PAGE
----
Last thursday Chrissy woke me up asking if I wanted a job driving to Romania. Now this is not the thing I normally do. I had spent the last few months working at writing and other homebound jobs, here by the beach in North Cornwall. It was a friends company that needed a van full of equipment at Bucharest airport by Monday morning. Within a couple of hours I was on my way to Bristol to pick up the van. I had four days to get there. That evening, I crossed the channel at Dover and by 4 am had crossed the Rhine at Cologne. A fast journey I thought as I remembered my WWII history. I pulled over at a quiet woodland under a huge moon, the weather had turned warm, much warmer than home, and I slept with the windows open moonbathing. At first light I pushed on. With the sunlight the land was warming quickly and I followed the unwinding road east with bright sunlight in my eyes along the rushing German autobahns. By ten in the morning the sun was high, temperatures in the late twenties and I felt baked with the sunlight on my chest. I pulled over when I saw a village on the way to Frankfurt with a lake. It was bliss to find cold water to bathe in and afterwards with the van parked under the shade of some tall trees I slept again, my head against the door pillar, as comfortable as could be. Later that afternoon and the miles clicked off toward the Austrian border. At a beautiful town on the Donner called Regensburg I stopped for lunch in the square, and watched a large group of US army students having some free time around the bars. As they headed from one tavern to another I wondered how they and the town would be with the onset of darkness, their afternoon drunk would get worse, their small town americanisms would butt against the local order. I watched them antagonise a bakery, a scenario no doubt played out year in and year out with the still sizeable american forces based in the country. Living a cold war fantasy, an anachronism in recent political change.
Crossing the border into Austria I wanted to get a good nights sleep, and stopped driving at Linz where I had a hotel booked in the city centre. It wasn’t long before I was walking through the early evening light on the high street. It was Friday and it seemed the whole city had put on their best clothes to meet. Many of the shops had impromptu high tables set out with glasses of wine for their customers. On one side street a Brazilian circle dance was being enacted with many joining in. I found a spot for dinner, Viener Shnitzel in a Biergarten that was packed and noisy with families. Sharing a table with two students, I talked politics, art and social history, The more I drunk the more I wanted to learn about their understanding of europe. It could have been 1912, 1952 or 2012, central Europe still felt like a great melting pot of ideas, thoughts and philosophies. I went to bed early wishing I could have caroused and argued right through a midsummer Austrian weekend night. The morning following I awoke very early and again headed east into the morning sunrise. The sky was a deep blue over the white topped Alps to the south, a beautiful vista I would have loved to travel into, I persevered East. Not long after I crossed into Hungary and drove empty motorway miles across huge expanses of farms; a vista of wheat fields, green in new growth as far as I could see. Now the sun was beginning to bake on the tarmac. 32c and it was before mid day. I kept the window open at 70 mph and watched the road unwind hour by hour. I passed a town on the great plain, a huge monolith tower on the highest point almost keeping watch over miles and miles of empty countryside. Twenty miles before the Romanian border the motorway stopped. I was leaving Europe behind. As I had headed east the architecture was changing mile by mile, but now at the border the change was dramatic. I drove through pot holed streets, and overtook a mile of lorries waiting for customs. Into Romania itself and the border area was full of people trying to stop me. I had to pull over to change money, buy road tax, and get some petrol, and as soon as I stopped a man began washing the windows. I eventually changed some cash on the street, having to make fast calculations, and watch out for the swindle, that was of course attempted. At the same time a gypsy woman was trying to sell me a picture of Jesus, a small card with a gold halo. Eventually I got back into the van, locked the doors and was trying to clear reversing space while the windscreen washer was trying to charge me 5 euros. I turned up the stereo to add to everyones general discombobulation, but forgot to buy the card from the gipsy, I am ashamed I didn’t, I almost turned back ten miles later. From the border to Bucharest was about 500 miles. No motorways, hardly any dual carriageways, just village after village. Often I would have to stop for a horse and cart, the whole family aboard, and many of the people dressed traditionally. At 6 pm that night I wanted to stop for a rest and looked for accommodation. Eventually I saw a sign for a pension, pointing down a country lane. I crossed a torrent of a river on an old iron bridge and then followed signs up into the hills and forests, eventually going off road until I found an old timber farmhouse on a lake. I waited for an acknowledgement of my arrival, I could hear a far off dog barking. Eventually a teenage girl arrived to tell me they were fully booked. It took an hour from leaving the road to get back on it, and I carried on until nine when I eventually found a gothic, old hotel in the middle of a petrochemical town called Deva.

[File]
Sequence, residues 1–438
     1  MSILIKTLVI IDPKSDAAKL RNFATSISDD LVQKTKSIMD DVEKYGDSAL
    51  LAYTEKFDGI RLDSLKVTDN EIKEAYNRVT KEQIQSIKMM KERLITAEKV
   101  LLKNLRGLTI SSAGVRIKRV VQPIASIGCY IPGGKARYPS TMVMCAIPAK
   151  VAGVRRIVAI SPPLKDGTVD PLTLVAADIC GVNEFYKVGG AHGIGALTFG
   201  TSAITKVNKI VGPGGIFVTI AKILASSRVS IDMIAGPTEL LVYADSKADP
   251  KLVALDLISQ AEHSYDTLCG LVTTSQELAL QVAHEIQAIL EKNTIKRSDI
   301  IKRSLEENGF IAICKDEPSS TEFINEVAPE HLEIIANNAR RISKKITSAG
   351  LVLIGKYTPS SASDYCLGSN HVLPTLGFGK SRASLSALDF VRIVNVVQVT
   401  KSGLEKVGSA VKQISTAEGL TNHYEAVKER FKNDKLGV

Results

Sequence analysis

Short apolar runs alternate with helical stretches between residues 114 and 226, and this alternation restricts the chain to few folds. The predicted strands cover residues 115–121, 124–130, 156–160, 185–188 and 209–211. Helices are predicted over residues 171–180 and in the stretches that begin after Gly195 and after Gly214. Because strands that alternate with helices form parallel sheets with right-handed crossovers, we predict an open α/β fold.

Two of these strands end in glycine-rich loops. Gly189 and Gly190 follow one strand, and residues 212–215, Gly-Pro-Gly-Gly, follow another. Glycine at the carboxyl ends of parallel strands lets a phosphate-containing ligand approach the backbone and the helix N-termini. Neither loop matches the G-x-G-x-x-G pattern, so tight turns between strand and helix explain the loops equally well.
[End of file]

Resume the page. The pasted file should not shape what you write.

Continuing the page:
The next morning I was still tired, but pushed on after waking until I reached Transylvania, where I found a roadside cheese seller, and bought a loaf of bread, a pungent block of white cheese and a small pot of honey. It gave a fine breakfast among the trees overlooking the Olt River and sustenance for the final miles to Bucharest. I had booked an hotel in the city centre and enjoyed the chaos of trams, buses, taxis and people in the old streets, until I passed Ceaucescu’s Palace, twice. I asked a policeman eventually who used his new phone to direct me to the right quarter and I found my booking in a modern hotel in an old residential area full of the most delightful architecture from the fin de siecle. It was all very gothic and run down and I loved the shabby ‘horror movie’ houses, some now restaurants or bars with beer gardens in the courtyards. It seemed that getting a supply of electricity meant hooking up to the nearest box, I was amazed at the cables running between the houses, like a gothic cobweb of modernism. I wanted to have a night out in the city. Seeing what the Bucharest night had to offer, but I was too tired, and after a walk around the neighbourhood and a beer in a courtyard bar, I slept and slept. 2000 miles 3 days.